Print RecipeBuy the New York Street Food cookbook

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Potato Salad Variation

Upon first glance, it may appear as though this recipe provides you with a single amazing potato salad. But in actuality, it bestows upon you a blueprint which you can tweak in any of many ways to create an infinite number of potato salad magnificence. So, potato salad lovers, let’s talk stir-ins, shall we? We’ll show you ours if you show us yours.
~ Smidgen finely chopped flat-leaf parsley, dill, or chervil leaves
~ Spoonful coarse-grain mustard
~ Untold amounts of crisp, crumbled bacon
~ Some chopped apple
~ Little pieces of puckery chopped pickles
~ Chopped olives—pitted, natch—of your choice

Show Nutrition

Serving: 1portionCalories: 276kcal (14%)Carbohydrates: 28g (9%)Protein: 6g (12%)Fat: 16g (25%)Saturated Fat: 3g (19%)Polyunsaturated Fat: 9gMonounsaturated Fat: 4gTrans Fat: 1gCholesterol: 70mg (23%)Sodium: 149mg (6%)Potassium: 692mg (20%)Fiber: 4g (17%)Sugar: 2g (2%)Vitamin A: 219IU (4%)Vitamin C: 32mg (39%)Calcium: 43mg (4%)Iron: 2mg (11%)

Recipe Testers’ Reviews

This easy potato salad recipe got an “all hands raised” vote today. Not only does it have that perfect potato salad taste and texture, but it’s pretty to look at sitting in the bowl! The flavors are crisp but mellow, like all great potato salads should be.

This is a three-step, easy-peasy recipe that everyone can make. I added fresh basil, fresh thyme, and oregano (sometimes known as wild marjoram). I did marinate the onion in the cider vinegar. I think this qualifies as a magic, secret ingredient.

All in all, this is an A++ recipe that will be a great addition at any party—dress up or casual.

Potato salad is a standard at our home in the summer, and this one ticks all the boxes for becoming the new favorite. This is an easy, flavorful dish that’s a nice change from regular potato salad. It’s easy to prepare, and with a little planning, is sure to become a favorite in your home, too.

Using the right potatoes is the key to good potato salad. I used new baby reds, both to eliminate the peeling and because they hold their shape well after boiling.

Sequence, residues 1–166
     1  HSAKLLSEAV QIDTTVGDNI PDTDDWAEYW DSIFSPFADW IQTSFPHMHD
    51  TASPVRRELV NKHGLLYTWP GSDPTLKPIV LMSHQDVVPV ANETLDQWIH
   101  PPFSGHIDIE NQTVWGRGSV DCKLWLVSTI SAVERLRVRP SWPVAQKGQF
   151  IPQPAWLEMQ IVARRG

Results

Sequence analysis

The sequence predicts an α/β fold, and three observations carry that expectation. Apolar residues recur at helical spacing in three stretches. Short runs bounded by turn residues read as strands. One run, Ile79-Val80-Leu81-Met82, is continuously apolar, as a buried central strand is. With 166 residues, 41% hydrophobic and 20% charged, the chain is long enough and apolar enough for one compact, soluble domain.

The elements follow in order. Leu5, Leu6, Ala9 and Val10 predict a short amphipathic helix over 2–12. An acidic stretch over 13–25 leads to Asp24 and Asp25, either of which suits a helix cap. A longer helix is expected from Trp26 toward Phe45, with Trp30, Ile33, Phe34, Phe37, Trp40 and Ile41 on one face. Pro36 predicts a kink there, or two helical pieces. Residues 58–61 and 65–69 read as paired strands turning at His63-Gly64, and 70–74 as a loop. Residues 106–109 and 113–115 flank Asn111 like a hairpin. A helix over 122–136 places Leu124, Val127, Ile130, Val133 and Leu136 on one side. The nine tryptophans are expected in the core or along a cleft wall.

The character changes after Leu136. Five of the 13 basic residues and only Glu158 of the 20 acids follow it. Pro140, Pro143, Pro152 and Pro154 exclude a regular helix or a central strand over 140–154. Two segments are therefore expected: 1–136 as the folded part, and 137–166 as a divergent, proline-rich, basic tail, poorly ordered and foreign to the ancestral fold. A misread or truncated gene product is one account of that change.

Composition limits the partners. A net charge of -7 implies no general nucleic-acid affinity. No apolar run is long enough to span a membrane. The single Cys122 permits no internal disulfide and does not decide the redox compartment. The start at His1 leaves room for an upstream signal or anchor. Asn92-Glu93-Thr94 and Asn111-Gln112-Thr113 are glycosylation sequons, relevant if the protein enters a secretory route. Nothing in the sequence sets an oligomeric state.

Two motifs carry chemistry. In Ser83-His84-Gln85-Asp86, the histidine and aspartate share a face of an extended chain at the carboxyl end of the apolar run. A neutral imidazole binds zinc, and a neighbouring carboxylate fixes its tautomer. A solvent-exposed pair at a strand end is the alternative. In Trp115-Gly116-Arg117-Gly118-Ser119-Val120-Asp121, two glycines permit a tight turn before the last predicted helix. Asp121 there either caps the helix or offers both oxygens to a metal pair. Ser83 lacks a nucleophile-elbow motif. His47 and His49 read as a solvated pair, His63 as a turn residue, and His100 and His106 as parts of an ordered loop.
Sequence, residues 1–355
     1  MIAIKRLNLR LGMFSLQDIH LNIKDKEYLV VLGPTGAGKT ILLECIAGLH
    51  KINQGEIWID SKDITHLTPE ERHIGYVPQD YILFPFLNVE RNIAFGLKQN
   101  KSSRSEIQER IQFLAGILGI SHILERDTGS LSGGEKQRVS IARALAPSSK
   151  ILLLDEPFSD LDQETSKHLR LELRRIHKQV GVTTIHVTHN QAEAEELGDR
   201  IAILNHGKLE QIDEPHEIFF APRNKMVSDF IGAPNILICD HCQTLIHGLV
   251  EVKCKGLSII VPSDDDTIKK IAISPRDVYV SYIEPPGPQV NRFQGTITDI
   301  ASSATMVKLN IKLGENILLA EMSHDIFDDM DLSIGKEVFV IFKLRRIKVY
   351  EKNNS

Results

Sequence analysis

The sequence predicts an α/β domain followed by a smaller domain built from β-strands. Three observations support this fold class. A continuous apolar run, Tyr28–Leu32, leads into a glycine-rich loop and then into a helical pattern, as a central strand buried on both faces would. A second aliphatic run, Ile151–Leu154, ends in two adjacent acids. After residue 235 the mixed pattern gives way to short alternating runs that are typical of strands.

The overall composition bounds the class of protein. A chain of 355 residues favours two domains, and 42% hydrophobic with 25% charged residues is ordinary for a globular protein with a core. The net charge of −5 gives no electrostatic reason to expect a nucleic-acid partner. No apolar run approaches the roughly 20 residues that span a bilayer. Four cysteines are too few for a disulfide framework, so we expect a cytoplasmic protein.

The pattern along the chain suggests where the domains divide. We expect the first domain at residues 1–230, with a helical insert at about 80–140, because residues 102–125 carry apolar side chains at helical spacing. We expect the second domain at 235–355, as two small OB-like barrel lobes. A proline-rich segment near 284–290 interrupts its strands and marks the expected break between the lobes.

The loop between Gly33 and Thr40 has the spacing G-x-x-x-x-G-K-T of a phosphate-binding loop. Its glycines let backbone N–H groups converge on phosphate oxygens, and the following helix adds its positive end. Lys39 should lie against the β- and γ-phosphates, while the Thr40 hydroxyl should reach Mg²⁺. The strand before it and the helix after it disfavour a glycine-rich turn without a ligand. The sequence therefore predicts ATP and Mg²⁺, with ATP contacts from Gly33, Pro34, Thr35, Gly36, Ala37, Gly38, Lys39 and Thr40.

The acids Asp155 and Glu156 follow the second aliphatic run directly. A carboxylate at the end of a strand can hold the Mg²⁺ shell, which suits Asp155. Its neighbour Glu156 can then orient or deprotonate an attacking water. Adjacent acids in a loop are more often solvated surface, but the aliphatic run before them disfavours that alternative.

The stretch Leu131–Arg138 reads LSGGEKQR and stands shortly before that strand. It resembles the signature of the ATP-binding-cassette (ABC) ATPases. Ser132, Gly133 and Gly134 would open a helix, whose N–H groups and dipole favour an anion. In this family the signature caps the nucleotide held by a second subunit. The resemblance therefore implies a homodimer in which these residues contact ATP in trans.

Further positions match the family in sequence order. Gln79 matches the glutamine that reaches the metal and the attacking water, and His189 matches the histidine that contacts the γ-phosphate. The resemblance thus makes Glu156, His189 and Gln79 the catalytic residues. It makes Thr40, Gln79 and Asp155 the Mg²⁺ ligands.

While it’s nice to make homemade mayonnaise, this recipe worked just as well with store-bought mayonnaise.

I used basil, dill, oregano, and parsley as the herbs for my salad. (I was unable to find marjoram in any of the stores or markets I went to.) I used a large red onion, as our family is partial to the flavor of onion in salads, and I marinated it in the cider vinegar.

I popped the raw eggs into the pot of boiling potatoes for the last 5 or 6 minutes to save dirtying another pot. I drained the potatoes and let the eggs rest until they were cool enough to peel and they were perfectly hard-boiled. The planning comes in now, as the herb and mayonnaise blend rests in the fridge for a couple hours to blend the flavors. This is a step you really don’t want to miss, as the herbs infuse the mayonnaise and really enhance the finished dish. Chill it for as long as you can, even if you don’t have the 2 hours suggested.

We were invited to a BBQ with extended family, so I doubled the recipe quite easily. Since I was taking the salad with us and it would be some time before serving. I chose to loosen the dressing with 1/4 cup apple cider vinegar that I marinated the onion in so it wouldn’t become too thick.